Why medicated, antiseptic, liquid soaps are bad for skin –Dermatologist

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Lara Adejoro

A Consultant Physician and Dermatologist at the Lagos State University Teaching Hospital, Ikeja, Dr. Folakemi Cole-Adeife, says medicated, antiseptic soaps and liquids are bad for the skin, noting that they can increase the risk of developing certain skin conditions.

According to Dr. Cole-Adeife, using antiseptic or medicated soaps and liquid sometimes can wash off the healthy bacteria needed for the skin.

Speaking in an interview with PUNCH HealthWise, the dermatologist said, “I know a lot of us grew up thinking that we needed to get rid of all the germs on our skin and keep the skin as clean as possible; or that we should use a lot of antiseptic soap and antiseptic liquid, particularly for babies when they are born, but they are actually very bad for the skin.

“Our skin is like an environment of what scientists call a microbiome, an environment of bacteria, fungi and viruses.Some of them are healthy bacteria or healthy germs that can live on our skin and they have a job they are doing -think of them as tenants in a building.

“Imagine as a landlord, you chase away your tenants and you don’t lock up the doors of your property. Imagine what would happen to that property. You would have a lot of hooligans and riff-raff coming into that property and vandalising it. They are not going to pay you any rent because they are not there legally. That is what happens sometimes when we use antiseptic or medicated soaps and liquids.

“We actually wash off the healthy bacteria that are on our skin. Some of these bacteria make sure that unhealthy germs or harmful germs do not come on to the skin and when they are not there, it’s easier for harmful germs to come to your skin.

“Also, those healthy bacteria have a way of secreting certain substances that also help the skin to function optimally and they regulate our immune system,” she said.

The expert noted that the skin has a natural immune system, adding that there are some cells on the skin that ensure unhealthy bacteria do not proliferate more than they should.

She added that the cells also ensure that the healthy bacteria do not over-proliferate.

“We have some healthy fungi that live on our skin but it is the ‘police’ on the skin that prevents them from overgrowing.

“So, sometimes, the use of antiseptic soap can disrupt this normal environment and take off healthy bacteria and give room for unhealthy bacteria to grow and keep spreading.

“Also, most antiseptic soaps and liquids have a stronger effect on bacteria than fungi, so they kind of favour the growth of fungi on the skin.That is why we have a lot of people in our environment having fungi skin infection because when you take off all the healthy bacteria, it’s in favour of the growth of fungi.So the fungi can grow without any hindrance.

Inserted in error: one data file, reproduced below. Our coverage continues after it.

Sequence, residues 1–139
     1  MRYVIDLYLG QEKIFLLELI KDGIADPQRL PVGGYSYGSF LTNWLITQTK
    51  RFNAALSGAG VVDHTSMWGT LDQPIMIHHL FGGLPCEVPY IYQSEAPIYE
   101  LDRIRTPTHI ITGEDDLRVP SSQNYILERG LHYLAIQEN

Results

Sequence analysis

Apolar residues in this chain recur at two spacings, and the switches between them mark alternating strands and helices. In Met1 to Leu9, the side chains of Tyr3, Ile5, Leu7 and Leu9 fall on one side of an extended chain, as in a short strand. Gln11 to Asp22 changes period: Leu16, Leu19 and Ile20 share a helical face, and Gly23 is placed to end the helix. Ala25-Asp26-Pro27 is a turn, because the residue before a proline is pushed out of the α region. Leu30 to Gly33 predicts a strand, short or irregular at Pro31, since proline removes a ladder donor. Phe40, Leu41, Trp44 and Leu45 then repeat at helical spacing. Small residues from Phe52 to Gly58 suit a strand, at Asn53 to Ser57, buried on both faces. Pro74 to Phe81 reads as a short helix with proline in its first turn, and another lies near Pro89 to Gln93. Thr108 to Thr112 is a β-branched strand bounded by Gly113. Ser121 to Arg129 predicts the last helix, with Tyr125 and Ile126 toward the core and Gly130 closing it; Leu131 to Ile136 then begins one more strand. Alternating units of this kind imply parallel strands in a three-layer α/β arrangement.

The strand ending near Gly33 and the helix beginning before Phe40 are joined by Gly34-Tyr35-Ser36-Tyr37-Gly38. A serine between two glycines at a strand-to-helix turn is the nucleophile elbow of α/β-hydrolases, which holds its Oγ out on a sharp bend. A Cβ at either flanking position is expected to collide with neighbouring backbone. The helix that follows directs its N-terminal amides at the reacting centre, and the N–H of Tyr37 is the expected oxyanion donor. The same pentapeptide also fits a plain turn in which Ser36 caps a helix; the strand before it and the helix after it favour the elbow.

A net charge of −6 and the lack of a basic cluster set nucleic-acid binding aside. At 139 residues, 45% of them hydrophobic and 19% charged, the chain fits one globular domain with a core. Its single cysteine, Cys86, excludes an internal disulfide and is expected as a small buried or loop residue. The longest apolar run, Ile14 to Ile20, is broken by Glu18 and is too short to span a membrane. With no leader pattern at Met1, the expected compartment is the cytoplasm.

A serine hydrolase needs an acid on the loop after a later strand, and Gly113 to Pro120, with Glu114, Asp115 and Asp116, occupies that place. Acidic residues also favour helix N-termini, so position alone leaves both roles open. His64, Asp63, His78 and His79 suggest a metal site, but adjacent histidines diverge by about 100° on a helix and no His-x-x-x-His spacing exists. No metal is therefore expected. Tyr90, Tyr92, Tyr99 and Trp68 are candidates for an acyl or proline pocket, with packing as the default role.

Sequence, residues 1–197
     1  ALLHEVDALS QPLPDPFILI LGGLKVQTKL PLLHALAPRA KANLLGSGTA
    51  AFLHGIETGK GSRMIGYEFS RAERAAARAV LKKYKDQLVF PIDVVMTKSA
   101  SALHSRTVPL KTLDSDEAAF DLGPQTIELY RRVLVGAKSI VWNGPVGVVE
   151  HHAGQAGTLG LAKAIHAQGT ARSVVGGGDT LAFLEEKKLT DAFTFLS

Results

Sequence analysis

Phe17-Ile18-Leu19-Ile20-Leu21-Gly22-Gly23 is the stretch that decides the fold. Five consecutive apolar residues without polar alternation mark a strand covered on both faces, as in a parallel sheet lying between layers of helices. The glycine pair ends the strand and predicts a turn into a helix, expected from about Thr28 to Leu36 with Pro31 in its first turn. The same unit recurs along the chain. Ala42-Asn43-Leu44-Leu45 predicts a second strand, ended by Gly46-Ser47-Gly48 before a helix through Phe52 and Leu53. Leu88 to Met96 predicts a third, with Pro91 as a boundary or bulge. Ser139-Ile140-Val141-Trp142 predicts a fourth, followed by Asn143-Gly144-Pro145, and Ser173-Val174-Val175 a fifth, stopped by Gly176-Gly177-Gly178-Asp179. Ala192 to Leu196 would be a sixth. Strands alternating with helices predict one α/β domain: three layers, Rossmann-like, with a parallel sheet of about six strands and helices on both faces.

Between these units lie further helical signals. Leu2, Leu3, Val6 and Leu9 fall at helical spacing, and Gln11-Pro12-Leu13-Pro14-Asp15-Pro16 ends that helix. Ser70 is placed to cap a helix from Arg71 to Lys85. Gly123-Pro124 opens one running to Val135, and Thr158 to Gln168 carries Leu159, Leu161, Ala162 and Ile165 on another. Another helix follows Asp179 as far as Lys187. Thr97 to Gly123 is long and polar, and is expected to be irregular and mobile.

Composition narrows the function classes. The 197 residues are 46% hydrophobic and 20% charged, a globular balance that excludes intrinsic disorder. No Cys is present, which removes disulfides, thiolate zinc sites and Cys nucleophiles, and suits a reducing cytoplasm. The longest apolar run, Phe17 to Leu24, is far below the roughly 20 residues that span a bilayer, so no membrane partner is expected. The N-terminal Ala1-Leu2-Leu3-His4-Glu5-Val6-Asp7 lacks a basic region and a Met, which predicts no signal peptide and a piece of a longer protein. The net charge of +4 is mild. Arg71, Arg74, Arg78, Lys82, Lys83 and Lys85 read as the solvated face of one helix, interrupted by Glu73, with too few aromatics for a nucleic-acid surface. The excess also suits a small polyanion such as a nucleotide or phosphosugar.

“It’s very important that we do not make the habit of using antiseptic or medicated soaps and liquids a daily affair.”

A 2018 peer-reviewed study published on PLOS ONE suggests that the continued use of antibacterial soap may have long-term effects on skin microbial communities.Similar effects have been documented for the use of other hygiene products, such as antiperspirants and deodorants.

The study, titled, “Antibacterial soap use impacts skin microbial communities in rural Madagascar”, was led by Charles Nunn at the Department of Evolutionary Anthropology, Duke University, Durham, North Carolina, United States of America.

The authors said the results of the study indicated that the overall species richness of skin microbial communities may be resistant to short-term use of antibacterial soap in settings characterised by regular contact with the natural environment, yet these communities may undergo shifts in microbial composition.

“Lifestyle changes associated with the use of antibacterial soap may therefore cause rapid alterations in skin microbial communities, with the potential for effects on skin health,” they said.

Dr. Cole-Adeife also said a United States Food and Drug Administration study showed that there is no benefit of medicated soap over toilet soaps.

The study, she said, also “shows that a lot of medicated liquids had substances that were harmful to the environment, and also could affect or disrupt hormones in the body.”

She noted that the risks of using medicated and liquid soaps outweigh the benefits that they may provide.

“So, you really don’t need to douse your body with antiseptic or medicated soaps or liquid to be clean; and sometimes, too much of cleanliness is not good because you need those healthy bacteria on your skin, for it to function optimally.

“There are only a few occasions that medicated soaps are recommended by dermatologists and it is usually for a controlled or short period of time and not to be used every day.

“Medicated soaps are also known to increase the risk of developing certain skin conditions.

“We have found that a lot of inflammatory skin conditions like seborrheic dermatitis and acne can be aggravated by the use of medicated soaps.

“So, pick a plain gentle soap. Generally, we recommend pH-balanced cleaners-cleansers that are close to the acid level of the skin. Our skin is acidic, usually with a pH of 4 and 5.5, and you want to use a cleanser that is close to the pH or the acidity of the skin because your skin will be able to function optimally,” she said.

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